Here are glimpses of some of the victims of the Sept. 11 attack on the World Trade Center
Could they have had less in common?
The relationship worked, because sometimes opposites prod each other in the best ways. He gave her stability; she loosened him up. He managed to jump in a few fountains at college, and she married him, moved to Westchester and stayed home with their two young children.
Meanwhile, back at the office -- Harris Beach, a law firm with a branch on the 85th floor of 2 World Trade Center -- Mr. Brisman, 34, worked exhaustively, for his family's sake. If he was seen as old-fashioned in his treatment of women (as delicate flowers who need protection), he was also regarded as a can-do, meticulous guy, supersmart and assured. He was awarded his long-sought partnership posthumously.
He knew himself. "I'm not a babe magnet," he said. "I'm a baby magnet." Formal with adults, he whooped freely with small people, especially his own. A snapshot from Labor Day weekend: Mr. Brisman playing happily with children, his tall frame folded into a kiddie airplane at Adventureland.
Hey. To be 30, single, a sharp dresser, with a front pocket full of cash and a back pocket full of friends and family? Little brother, your married-with-children two older brothers think you're having too much fun!
Even though he meant to settle down (no serious contenders for the wife title, so far), Christopher Vialonga, a foreign exchange trader with Carr Futures, was having a great time flying solo.
A big, good-looking guy and former offensive tackle, he whistled everybody together for Jets tailgate parties and organized the tee-off times on Sundays for a gang of six. He always arrived a half-hour early, because he was so revved. Johnnie Juicebag, they called him, Johnnie Black Shoes.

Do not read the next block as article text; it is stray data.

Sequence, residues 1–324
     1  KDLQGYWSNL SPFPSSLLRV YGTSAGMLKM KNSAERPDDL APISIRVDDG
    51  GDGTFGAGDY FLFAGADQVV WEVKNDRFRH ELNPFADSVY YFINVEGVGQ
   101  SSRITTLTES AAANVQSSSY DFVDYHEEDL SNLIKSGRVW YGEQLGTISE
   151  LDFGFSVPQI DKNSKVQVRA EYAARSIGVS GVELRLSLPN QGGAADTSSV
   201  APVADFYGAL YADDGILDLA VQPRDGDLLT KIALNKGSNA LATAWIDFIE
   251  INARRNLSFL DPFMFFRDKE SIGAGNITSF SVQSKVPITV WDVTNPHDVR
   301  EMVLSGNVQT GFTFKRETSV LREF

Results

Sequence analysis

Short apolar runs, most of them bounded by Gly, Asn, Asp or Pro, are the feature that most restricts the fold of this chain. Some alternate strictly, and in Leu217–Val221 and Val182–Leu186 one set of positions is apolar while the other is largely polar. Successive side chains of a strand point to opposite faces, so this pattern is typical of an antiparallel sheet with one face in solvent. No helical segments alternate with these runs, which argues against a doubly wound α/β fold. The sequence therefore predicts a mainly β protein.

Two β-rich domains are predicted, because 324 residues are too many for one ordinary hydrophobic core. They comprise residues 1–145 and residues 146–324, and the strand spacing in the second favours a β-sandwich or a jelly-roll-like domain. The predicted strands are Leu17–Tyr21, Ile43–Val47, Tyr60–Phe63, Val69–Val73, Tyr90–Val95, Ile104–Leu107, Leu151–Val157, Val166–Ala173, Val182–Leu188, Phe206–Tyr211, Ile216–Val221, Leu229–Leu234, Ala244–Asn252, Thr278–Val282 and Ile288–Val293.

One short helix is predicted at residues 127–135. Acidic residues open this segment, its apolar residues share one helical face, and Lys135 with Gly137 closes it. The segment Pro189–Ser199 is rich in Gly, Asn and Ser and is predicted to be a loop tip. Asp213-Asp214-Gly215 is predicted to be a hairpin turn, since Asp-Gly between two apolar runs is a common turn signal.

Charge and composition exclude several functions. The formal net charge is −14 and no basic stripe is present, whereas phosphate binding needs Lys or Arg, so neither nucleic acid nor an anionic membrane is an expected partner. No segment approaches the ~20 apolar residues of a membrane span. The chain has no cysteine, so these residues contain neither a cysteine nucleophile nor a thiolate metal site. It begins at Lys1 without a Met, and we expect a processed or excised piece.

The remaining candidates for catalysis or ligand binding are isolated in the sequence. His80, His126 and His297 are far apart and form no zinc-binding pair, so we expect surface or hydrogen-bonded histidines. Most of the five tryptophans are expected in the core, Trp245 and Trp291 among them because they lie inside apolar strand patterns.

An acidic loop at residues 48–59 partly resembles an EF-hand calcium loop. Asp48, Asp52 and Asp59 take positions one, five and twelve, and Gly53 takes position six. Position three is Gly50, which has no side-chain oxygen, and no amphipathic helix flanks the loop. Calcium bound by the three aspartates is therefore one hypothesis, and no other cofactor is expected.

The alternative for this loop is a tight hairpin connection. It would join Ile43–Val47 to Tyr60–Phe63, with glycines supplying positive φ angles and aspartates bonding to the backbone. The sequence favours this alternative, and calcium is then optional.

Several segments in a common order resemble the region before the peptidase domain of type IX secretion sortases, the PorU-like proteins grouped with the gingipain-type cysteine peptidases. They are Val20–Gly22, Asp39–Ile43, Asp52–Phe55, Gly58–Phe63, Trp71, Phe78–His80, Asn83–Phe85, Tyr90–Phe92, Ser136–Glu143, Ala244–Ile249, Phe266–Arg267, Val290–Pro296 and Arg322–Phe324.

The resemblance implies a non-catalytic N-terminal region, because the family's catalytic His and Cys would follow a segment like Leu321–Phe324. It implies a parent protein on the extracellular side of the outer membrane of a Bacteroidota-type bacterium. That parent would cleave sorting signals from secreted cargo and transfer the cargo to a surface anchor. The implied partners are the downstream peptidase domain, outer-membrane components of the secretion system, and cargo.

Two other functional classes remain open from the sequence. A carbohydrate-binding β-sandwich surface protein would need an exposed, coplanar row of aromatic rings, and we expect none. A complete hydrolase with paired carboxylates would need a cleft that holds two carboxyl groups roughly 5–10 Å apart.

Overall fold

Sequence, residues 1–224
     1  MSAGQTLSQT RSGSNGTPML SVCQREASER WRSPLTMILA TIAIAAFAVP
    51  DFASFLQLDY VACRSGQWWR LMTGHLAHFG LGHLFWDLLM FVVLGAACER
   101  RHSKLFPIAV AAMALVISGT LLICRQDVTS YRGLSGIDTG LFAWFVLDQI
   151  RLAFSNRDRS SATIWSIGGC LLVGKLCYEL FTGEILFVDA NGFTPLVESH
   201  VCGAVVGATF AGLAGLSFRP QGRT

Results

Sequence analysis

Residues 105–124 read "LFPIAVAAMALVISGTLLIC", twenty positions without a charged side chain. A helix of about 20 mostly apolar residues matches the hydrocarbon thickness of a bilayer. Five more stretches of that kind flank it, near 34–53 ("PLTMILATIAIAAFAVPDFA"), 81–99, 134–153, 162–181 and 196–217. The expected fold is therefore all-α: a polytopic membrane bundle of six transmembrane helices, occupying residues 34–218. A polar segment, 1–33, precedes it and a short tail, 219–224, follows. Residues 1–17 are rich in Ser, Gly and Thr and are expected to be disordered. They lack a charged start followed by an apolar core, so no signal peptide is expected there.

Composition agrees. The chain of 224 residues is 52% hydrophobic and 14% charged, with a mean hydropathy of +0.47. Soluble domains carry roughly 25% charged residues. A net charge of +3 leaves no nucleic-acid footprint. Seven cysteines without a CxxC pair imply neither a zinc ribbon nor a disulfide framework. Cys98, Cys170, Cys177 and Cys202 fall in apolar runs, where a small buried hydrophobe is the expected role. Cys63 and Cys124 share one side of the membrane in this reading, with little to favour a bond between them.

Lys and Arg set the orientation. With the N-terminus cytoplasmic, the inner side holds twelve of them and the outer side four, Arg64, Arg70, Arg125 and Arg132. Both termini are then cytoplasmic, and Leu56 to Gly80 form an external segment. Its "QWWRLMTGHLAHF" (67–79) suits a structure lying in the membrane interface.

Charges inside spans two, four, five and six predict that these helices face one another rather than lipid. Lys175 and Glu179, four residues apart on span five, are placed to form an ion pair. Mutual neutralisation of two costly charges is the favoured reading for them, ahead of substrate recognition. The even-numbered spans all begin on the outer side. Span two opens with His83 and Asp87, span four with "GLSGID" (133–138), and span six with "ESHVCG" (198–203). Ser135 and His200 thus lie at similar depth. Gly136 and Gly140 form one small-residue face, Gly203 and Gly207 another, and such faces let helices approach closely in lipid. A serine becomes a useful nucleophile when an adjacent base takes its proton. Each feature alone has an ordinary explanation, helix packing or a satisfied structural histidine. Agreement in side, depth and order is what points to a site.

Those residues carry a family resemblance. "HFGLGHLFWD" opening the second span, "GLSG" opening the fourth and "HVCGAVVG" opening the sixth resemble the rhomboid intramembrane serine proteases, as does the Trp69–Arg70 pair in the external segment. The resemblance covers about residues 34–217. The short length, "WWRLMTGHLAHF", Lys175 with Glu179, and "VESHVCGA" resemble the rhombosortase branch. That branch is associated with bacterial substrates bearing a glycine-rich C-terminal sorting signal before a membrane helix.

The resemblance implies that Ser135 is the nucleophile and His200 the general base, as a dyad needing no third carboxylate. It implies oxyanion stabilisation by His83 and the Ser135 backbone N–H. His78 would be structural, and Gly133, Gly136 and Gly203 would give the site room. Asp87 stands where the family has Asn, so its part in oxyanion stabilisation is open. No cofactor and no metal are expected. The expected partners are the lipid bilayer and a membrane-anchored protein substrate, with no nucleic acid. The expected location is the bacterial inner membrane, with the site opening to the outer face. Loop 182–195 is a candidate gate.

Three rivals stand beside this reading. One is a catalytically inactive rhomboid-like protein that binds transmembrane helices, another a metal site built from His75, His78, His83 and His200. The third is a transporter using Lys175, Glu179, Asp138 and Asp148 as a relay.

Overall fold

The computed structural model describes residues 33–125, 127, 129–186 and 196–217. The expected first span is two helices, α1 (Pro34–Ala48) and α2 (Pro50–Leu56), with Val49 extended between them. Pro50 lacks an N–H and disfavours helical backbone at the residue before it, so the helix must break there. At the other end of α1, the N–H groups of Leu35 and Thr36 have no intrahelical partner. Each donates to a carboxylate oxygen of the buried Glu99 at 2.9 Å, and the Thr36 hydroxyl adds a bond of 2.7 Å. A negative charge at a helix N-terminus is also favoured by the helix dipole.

The money spilled from his pockets. Yes, it went for the black BMW and those clothes -- forgetting to pack ski clothes for a Lake Tahoe trip, dropping $1,000 on new stuff -- but it flowed like crazy for his niece and nephews ("Chris, you're spoiling them!")
A full-tilt guy, who happened to be a sweetheart. He was worrying about his mother, Katherine, who struggled with widowhood. So at the beginning of September, he moved home to Demarest, N.J., to help around the house, just for a little while.
Glenn Kirwin was fit. Triathlon fit.
Over the years, he competed in a number of triathlons, and though he stopped the endurance events after the children arrived, he kept himself in enviable shape. "He was a fitness freak," said his wife, Joan. "He did 50-mile bicycle rides." When they were dating, she tried to keep up, but it was hopeless. "I once did 30 miles with him," she said, "but I couldn't sit for a week."
Mr. Kirwin, 40, lived in Scarsdale, N.Y., and was up at 5:15 in the morning to catch the 6:30 train to New York, where he was the head of product development at the eSpeed division of Cantor Fitzgerald.
It was usually 8 at night when he arrived home. It was his practice, though, to always do something with the children, Miles, 10, and Troy, 7, before they went to bed. He would read them a story or play checkers or engage in a game of Go Fish. Sometimes they would go outside and play catch or shoot baskets.
On weekends, he would take the boys golfing with him, even if that meant they did little more than steer the cart. Miles had gotten into running, and Mr. Kirwin would take him jogging for three or four miles.
In mid-October, Miles came home from school beaming. There had been a mile run that day as part of the National Physical Fitness Award program. Miles told his mother that he had finished first among the fifth graders. Mrs. Kirwin said to him, "Well, Daddy was up there watching you and rooting for you."
There are countless ways to encapsulate Mark and Stephen Colaio, but the T-shirts do it in three words. The brothers owned matching shirts that they wore every chance they got. On the front was inscribed, "Life Is Good."
"They drank up life," said their sister, Jean Colaio Steinbach. Mark, top, was 34, two years older than Stephen, and in the best sense of an elder brother, he always looked out for him. As their sister put it, "From Little League to Wall Street, they were best friends."